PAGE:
“We’re all worried about liquidity,” said Ben Jones, director of macro research at Invesco. The Fed, he added, “still wants to tighten” policy and therefore may allow the TGA rebuild to drain liquidity from markets without stepping in to provide other support tools.
This fear was not dominating trading on Friday, however.
Fed Chair Jerome Powell said on May 19 it was still unclear whether U.S. interest rates will need to rise further, and the risks of overtightening or undertightening had become more balanced.
Uncertainty about the U.S. rates outlook supported Treasury yields.
Two-year Treasury yields (US2YT=RR), which are extremely sensitive to monetary policy expectations, rose to 4.602%, while the yield on benchmark 10-year notes US10YT=RR climbed to 3.743%.
The U.S. dollar index DXY, which measures the performance of the U.S. currency against six others, rebounded 0.21% to 103.47.
The euro EURUSD slipped 0.32% to $1.0748, just below Thursday’s two-week high of $1.0787.
Elsewhere, the Turkish lira USDTRY hit a new record low overnight of 23.54 per dollar, even as President Tayyip Erdogan’s appointment of a U.S. banker as central bank chief sent a strong signal for a return to more orthodox policy.
Erdogan last week put well-regarded former finance minister Mehmet Simsek back in the post. Simsek said this week that the guiding principles for the economy would be transparency, consistency, accountability and predictability.
Leading crypto asset bitcoin BTCUSD dipped 0.2% to $26,450 after crypto exchange Binance said it was suspending dollar deposits and would soon pause fiat currency withdrawal channels following a U.S. Securities and Exchange Commission crackdown.
Crude oil edged higher but gains were tempered by a report that the United States and Iran were close to a nuclear deal, although denials from both parties kept it off the previous session’s lows.
The prospect of a deal, which reportedly included scope for an additional 1 million barrels per day of Iranian supply, initially dented crude prices.
Brent crude futures whipsawed over the course on Friday, and ended down 1.3% at $74.98 a barrel. West Texas Intermediate crude CL1! ALOST LOST 1.3% at $70.38 a barrel.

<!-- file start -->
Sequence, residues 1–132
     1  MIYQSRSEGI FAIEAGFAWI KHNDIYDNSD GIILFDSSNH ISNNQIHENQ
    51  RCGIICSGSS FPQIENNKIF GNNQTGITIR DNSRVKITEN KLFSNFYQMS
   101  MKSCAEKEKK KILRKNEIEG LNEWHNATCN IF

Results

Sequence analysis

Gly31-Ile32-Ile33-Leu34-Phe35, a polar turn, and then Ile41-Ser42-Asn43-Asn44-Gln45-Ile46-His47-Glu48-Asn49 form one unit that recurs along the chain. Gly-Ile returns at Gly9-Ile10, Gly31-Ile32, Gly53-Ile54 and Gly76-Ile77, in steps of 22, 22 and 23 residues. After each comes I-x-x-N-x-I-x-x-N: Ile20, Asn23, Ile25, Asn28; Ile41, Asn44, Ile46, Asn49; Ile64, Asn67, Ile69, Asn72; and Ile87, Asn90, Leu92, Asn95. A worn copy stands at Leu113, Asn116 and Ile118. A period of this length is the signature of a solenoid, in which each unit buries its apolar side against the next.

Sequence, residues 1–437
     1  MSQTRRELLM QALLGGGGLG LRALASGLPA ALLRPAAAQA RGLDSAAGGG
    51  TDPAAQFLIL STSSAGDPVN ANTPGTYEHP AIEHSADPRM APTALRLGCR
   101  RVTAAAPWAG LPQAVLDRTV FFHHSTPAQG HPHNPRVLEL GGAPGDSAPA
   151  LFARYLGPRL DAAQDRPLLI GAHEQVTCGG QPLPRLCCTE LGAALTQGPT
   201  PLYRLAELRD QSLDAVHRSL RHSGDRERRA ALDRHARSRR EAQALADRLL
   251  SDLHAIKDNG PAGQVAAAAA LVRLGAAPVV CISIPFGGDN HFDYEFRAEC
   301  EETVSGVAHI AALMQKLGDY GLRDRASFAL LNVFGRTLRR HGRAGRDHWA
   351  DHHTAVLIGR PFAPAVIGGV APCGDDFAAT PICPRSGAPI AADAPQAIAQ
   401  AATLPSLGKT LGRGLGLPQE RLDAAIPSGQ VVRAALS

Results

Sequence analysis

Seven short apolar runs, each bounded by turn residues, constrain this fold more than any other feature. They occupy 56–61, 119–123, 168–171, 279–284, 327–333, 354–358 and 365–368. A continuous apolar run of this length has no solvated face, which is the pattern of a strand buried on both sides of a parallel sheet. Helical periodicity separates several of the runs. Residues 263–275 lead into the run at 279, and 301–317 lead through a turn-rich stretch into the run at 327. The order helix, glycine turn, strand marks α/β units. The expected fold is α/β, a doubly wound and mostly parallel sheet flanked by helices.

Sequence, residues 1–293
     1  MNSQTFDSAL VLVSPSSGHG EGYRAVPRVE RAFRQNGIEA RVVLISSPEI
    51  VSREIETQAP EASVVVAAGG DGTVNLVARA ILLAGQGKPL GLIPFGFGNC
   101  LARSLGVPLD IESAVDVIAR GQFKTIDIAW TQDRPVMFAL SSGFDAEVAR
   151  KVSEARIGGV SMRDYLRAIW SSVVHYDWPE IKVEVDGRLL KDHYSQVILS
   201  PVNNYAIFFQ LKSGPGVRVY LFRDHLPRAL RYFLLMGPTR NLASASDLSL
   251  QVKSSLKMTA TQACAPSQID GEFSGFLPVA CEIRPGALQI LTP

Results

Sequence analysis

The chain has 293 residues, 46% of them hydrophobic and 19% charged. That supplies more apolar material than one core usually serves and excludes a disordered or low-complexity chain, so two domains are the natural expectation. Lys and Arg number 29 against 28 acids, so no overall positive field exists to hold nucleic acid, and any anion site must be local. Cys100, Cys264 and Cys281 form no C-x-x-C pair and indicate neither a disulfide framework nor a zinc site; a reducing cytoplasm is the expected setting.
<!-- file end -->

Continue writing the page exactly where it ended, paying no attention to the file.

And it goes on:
Dollar Lost 0.42% to 139.38 Yen
Dollar/Japanese yen: 139.38 Japanese yen per dollar (0.0072 dollar per Japanese yen).
- This week the dollar lost 0.42% vs. the Japanese yen
- Down for two straight weeks
- Down 0.89% over the last two weeks
- Largest two-week percentage decline since Friday, March 24, 2023
- Today the dollar gained 0.33% vs. the Japanese yen
- Up three of the past four sessions
- Off 7.17% from its 52-week high of 150.149 hit Thursday, Oct. 20, 2022
- Up 9.01% from its 52-week low of 127.86 hit Friday, Jan. 13, 2023
- Rose 3.70% vs the Japanese yen from 52 weeks ago
- Month-to-date it is up 0.03% vs the Japanese yen
- Year-to-date the dollar is up 6.30% vs the Japanese yen
Dollar Index Falls 0.56% This Week to 97.22
The WSJ Dollar Index is down 0.54 point or 0.56% this week to 97.22
- Largest one-week point and percentage decline since the week ending May 5, 2023
- Down for two consecutive weeks
- Down 0.84 point or 0.86% over the last two weeks
- Largest two-week point and percentage decline since the week ending March 24, 2023
- Today it is up 0.10 point or 0.10%
- Largest one-day point and percentage gain since Friday, June 2, 2023
- Up three of the past four trading days
- Off 7.54% from its 52-week high of 105.14 hit Tuesday, Sept. 27, 2022
- Up 3.01% from its 52-week low of 94.37 hit Wednesday, Feb. 1, 2023
- Rose 0.49% from 52 weeks ago
- Month-to-date it is down 0.81%
- Year-to-date it is up 0.66 point or 0.69%